Movies: The Perks of Being a Wallflower

I read this book way back when, but by the time I got around to the film version I only had the vaguest recollection of the story itself. The novel left more of an impressionistic memory rather than anything vivid and detailed. Which isn't to say it wasn't good; I recall liking it quite a bit at the time. But I've slept and read and done a lot of other things since then.

In short, I can't now pick apart The Perks of Being a Wallflower (film) in comparison to the book because I don't remember enough of the book to make a comparison.

What I can say is that the movie does a better-than-average job of tapping into the adolescent experience. Even though the protagonist Charlie is more awkward even than the typical teen, the whole of the movie is accessible to anyone who has lived through (or perhaps is currently living through) that terrible transition from childhood to adulthood. And Charlie is an extreme example of how some bloom later than others.

There isn't much plot in The Perks of Being a Wallflower, and in most movies that would be a serious problem. But what this one explores is Charlie's freshman year of high school. He starts as a friendless loner and stumbles into an odd group of comrades that bring new dimensions to his otherwise flat life. Viewers follow Charlie through the ups and downs of negotiating the strange world of teen interaction (and he has one good English teacher, played by Paul Rudd, to help him along). This is interesting enough to keep viewers watching.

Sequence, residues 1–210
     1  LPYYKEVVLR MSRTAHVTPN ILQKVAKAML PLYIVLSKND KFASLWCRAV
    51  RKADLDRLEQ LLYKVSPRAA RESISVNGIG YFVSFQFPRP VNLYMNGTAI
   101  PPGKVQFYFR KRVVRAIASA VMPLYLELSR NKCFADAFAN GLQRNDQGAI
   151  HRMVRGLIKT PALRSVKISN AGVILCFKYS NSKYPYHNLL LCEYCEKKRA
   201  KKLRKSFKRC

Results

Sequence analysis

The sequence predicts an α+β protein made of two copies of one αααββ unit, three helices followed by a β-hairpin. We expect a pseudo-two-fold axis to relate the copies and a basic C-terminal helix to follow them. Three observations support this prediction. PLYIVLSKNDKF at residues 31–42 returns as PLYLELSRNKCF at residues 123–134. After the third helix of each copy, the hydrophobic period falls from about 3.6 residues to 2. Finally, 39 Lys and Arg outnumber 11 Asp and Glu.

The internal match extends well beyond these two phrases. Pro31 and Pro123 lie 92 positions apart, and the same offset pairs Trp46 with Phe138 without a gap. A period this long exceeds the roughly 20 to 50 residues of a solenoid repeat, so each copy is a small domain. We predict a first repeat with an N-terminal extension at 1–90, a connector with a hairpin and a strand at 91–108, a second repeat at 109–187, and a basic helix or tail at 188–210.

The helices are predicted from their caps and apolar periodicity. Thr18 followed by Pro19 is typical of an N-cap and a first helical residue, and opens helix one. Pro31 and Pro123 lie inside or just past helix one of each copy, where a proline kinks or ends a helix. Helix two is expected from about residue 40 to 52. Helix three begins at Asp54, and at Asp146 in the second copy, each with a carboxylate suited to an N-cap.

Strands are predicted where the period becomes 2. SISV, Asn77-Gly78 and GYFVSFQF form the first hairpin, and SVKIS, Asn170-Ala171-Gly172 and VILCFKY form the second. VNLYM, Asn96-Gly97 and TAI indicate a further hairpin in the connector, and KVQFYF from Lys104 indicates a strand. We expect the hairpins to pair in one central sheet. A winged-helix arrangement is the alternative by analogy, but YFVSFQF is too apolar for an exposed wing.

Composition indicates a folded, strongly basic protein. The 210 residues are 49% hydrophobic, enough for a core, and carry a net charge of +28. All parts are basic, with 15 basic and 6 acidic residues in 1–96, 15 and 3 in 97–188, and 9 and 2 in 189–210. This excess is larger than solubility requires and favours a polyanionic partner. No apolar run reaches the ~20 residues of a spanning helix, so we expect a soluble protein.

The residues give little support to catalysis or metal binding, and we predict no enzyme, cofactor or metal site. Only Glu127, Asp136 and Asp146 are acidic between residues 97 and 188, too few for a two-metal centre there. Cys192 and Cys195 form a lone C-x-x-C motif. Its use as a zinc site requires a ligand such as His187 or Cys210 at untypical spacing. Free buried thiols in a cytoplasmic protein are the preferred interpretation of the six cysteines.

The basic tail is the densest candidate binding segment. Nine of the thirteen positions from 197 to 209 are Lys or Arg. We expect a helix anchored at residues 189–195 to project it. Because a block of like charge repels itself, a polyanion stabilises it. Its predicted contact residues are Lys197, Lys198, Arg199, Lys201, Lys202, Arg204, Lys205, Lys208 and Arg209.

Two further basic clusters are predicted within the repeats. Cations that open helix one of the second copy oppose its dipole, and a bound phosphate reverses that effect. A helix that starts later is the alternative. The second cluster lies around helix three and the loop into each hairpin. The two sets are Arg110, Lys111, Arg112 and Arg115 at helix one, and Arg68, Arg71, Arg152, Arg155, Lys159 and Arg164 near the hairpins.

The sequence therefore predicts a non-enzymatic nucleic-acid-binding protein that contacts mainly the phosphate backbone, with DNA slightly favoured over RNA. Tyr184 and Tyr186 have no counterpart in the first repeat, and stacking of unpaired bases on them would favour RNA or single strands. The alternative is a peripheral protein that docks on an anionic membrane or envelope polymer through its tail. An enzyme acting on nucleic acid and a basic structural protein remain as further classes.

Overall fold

On top of this are layers of narrative not fully formed. More like when you buy something and try to pull the price sticker off and it only comes away in tiny, sticky flakes. We discover Charlie did have a best friend, but that this friend committed suicide. That he had a beloved Aunt Helen. That he sometimes has mental episodes and blacks out.

Besides Charlie we get a solid showing of supporting players: the secretly gay guy (and his even more secretly gay jock boyfriend), the rich girl, the stoner, etc. They sound like stereotypes and caricatures but in The Perks of Being a Wallflower they are given proper depth and feeling. These are the people you knew in school, or if you're still in school, these are the people you know, or at least know of.

Truly, in terms of films, this is one of the better ones I've seen in a long time. The first 20 to 30 minutes are rocky, but maybe that just reflects Charlie's instability; once he meets Sam and Patrick, the film pulls together just as Charlie does, and from there on out it is a fine film very much worth its 102 minutes.

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